The men's guilt or innocence will depend on why they put the bombs in the synagogues.

Man 1 can be convicted of murder. He knew his bomb would kill someone, and he put it there for that purpose. He cannot be convicted of terrorism. He knew that local Jews would feel intimidated by the bomb, but his purpose was not to intimidate anyone.

Man 2 can be convicted of terrorism. He knew his bomb would intimidate the local Jewish population, and he put it there for that purpose. He cannot be convicted of murder. He knew that his bomb was going to kill the cleaning woman, but his purpose was not to kill her.

Another common hypothetical is the woman who poison's her husband's coffee thermos. She wants to kill him, but she knows that he always shares his coffee with another guy at work each morning. She doesn't want to kill him, but she does it anyway. She has acted knowingly and purposefully in killing her husband. She has only acted knowingly in killing husband's co-worker.

Alien Tort Statute: The purposefulness standard was considered a "death knell" for the Alien Tort Statute because it is so much harder to prove than a knowledge standard. If someone fires a gun into a crowd, there's always going to be a question about what the purpose was, but it's a lot harder to prove that they didn't know it would kill someone.

The same is true with the Alien Tort Statute. Presbyterian Church of Sudan v. Talisman Energy, 582 F.3d 244 (2d Cir. 2009), dealt with claims that Talisman had facilitated Sudanese war crimes. Those claims stemmed allegations that Talisman had upgraded Sudanese air facilities, provided financial support to the Sudanese government, and provided logistical support to the Sudanese military, all while Sudan was allegedly committing war crimes during the Second Sudanese Civil War.

While it would be relatively straightforward to prove whether Talisman knew about the government's conduct in prosecuting that war, it could be more difficult to prove why they took the actions listed above. If the ATS imposed a knowledge standard, it would not matter why they provided that assistance. But if it imposed a purposefulness standard, they would have a relatively straightforward defense by claiming that they were doing so only to protect their investments in the oil fields around the country. And if that's the case, it would matter even if they knew for certain that making those investments would lead to genocide, war crimes, or other crimes against humanity.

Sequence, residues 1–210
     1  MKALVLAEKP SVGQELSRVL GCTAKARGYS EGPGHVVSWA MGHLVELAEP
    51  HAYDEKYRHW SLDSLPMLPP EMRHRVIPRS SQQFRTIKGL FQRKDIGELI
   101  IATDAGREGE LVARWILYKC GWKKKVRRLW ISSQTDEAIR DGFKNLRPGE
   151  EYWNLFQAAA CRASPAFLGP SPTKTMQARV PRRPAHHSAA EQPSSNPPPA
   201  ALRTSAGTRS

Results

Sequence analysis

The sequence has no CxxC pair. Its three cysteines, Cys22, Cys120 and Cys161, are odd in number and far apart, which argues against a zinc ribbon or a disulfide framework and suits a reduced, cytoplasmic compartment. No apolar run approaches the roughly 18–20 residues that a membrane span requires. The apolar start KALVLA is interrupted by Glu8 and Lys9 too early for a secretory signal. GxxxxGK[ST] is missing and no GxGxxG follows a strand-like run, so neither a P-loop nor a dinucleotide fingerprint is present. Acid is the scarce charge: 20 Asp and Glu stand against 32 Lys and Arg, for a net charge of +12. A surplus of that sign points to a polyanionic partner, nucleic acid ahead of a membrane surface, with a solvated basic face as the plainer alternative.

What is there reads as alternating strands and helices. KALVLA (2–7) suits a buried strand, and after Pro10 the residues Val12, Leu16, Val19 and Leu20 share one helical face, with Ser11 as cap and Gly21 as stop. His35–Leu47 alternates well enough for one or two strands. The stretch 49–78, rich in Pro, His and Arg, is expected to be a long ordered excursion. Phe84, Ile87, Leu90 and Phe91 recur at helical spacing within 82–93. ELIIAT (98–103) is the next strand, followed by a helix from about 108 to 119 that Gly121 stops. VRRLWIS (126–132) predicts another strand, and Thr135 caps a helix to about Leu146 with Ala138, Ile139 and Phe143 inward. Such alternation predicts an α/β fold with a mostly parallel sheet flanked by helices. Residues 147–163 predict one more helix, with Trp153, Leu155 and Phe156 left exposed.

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    In the hypothetical, Man 2 could almost surely be convicted of negligent homicide or voluntary manslaughter, and in some jurisdictions could be convicted of murder under a "depraved indifference to human life" theory. But that is because those convictions do not require proof of purposefulness or intent to kill. – David Siegel Nov 25 '18 at 0:46
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    There are laws in at least some jurisdictions that consider any fatality caused by a felony (or perhaps violent felony) to be murder. Assuming we have enough evidence to convict Man 2 of felony terrorism, in such jurisdictions the man could be legitimately convicted of murder. – David Thornley Nov 26 '18 at 17:42
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    What does that have to do with the OP's question? – bdb484 Nov 26 '18 at 21:54
  • This is confusing: If bombs were not capable of killing someone then they can't be used to intimidate. Terrorists using bombs to intimidate people rely upon this. In the kinds of situations you are referring to, they don't care who is killed or what kind of damage is done - so long as people are killed and damage is caused. This doesn't always hold: for example, the African ANC deliberately refrained from killing people and the IRA would call the police so that they could clear civilians from a public place that they had targeted. – Mozibur Ullah Dec 8 '18 at 13:48
  • Yes. A terrorist who is satisfied "so long as people are killed and damage is caused" should be convicted of purposefully intimidating another and convicted of purposefully killing another. But in the ANC and IRA situations you describe, they should not be convicted under a law that prohibits purposefully killing another, though they should be convicted under a law that prohibits purposefully intimidating another. – bdb484 Dec 8 '18 at 17:37